Jeffery Jensen Arnett (from the Atlantic article below) is pretty sure adolescence ends at 18. But I’m not sure he, nor most experts agree when adulthood begins. For some, it’s a matter of when the brain finishes fully developing (around 26.) For others, it’s when people take on adult tasks in their community (marriage, kids, military.) And for many, it depends on when they participate in their culture's rite of passage (quinceañera, bar/bat mitzvah, graduation.) At 18 we can vote, enlist in the military, and leave school. But we can’t rent a car until 25 and the average age for getting married and having kids is inching closer to 30. So what happens between 18 and 26?
For the most part, teens are transitioning. They are figuring it out. And sometimes they are flailing. If parents and caregivers have been gradually giving kids more and more responsibility and freedom, by the time they graduate high school teens are probably pretty competent. If parents have been protecting them and supporting them and making life easier, they may have no clue and be scared to death. Your goal, according to Jensen Arnett, is to raise kids who can take responsibility for themselves, make independent decisions, and become financially independent.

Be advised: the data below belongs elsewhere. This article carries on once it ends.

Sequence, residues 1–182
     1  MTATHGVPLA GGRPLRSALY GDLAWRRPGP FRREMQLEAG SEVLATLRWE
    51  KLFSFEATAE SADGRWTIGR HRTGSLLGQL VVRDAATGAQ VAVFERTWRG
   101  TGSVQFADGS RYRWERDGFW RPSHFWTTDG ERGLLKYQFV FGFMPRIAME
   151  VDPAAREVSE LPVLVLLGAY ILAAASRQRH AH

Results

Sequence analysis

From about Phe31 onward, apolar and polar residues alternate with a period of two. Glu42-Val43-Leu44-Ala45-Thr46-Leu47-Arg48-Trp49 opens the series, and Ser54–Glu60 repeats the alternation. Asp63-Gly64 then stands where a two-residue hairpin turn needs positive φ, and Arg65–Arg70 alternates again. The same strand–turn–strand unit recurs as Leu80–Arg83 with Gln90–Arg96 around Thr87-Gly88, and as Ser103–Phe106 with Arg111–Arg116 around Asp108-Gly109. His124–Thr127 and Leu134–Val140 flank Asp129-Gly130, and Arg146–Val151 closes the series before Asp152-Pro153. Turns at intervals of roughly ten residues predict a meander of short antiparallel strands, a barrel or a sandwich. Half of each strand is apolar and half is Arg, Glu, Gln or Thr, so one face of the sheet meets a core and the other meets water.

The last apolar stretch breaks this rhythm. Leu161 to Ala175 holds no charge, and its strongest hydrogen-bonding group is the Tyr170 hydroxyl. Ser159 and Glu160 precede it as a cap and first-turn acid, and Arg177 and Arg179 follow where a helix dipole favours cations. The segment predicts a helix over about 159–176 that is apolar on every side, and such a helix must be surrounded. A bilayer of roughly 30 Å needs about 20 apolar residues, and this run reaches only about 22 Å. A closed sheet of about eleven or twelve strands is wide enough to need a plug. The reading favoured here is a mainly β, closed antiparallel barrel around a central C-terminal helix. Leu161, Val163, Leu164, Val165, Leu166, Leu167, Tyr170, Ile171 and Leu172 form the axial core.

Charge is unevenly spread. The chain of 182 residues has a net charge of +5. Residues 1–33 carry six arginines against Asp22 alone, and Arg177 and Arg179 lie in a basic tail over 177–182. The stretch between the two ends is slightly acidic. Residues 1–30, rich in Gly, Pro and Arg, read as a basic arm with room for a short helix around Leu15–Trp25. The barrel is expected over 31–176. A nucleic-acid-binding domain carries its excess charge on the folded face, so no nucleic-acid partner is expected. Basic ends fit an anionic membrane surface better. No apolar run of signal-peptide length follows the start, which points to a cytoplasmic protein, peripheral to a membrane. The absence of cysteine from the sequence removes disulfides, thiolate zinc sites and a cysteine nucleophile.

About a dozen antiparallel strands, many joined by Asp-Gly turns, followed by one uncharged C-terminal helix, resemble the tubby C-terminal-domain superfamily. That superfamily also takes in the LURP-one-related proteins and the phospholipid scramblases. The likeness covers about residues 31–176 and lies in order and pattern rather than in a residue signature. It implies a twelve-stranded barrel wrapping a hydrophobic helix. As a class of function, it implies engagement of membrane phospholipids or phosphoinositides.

Turning 18 isn’t a magical switch flooding teens with knowledge and insight. Just like having a child doesn’t endow caregivers with parenting skills. It’s a process. (I’m not even going to get into how much longer it take to be able to afford an adult life these days!)
In therapy, however, turning 18 does flip a legal switch. Clients will be asked to re-sign all those intake forms. And caregivers will go from getting regular updates from the therapist to hearing , “I’m sorry. I can’t talk to you without a signed release form.”
I suggest clients start talking to their therapist about 6 months before that 18th birthday. Decide how much responsibility they want and are ready for and what they may still want to share with caregivers. Then check in every few months and see how it’s going. Clients can always sign a release if they need caregiver involvement and it’s in their best interest, and they can revoke one if they are ready to go it alone or need the safety of a private counseling space. Clients can choose to include caregivers in only certain aspects of therapy, like billing and insurance, rather than the details of each session. Or perhaps, it’s time for that 18 year old to learn how to pay the bill!
For more in-depth thoughts on turning 18, check out these articles: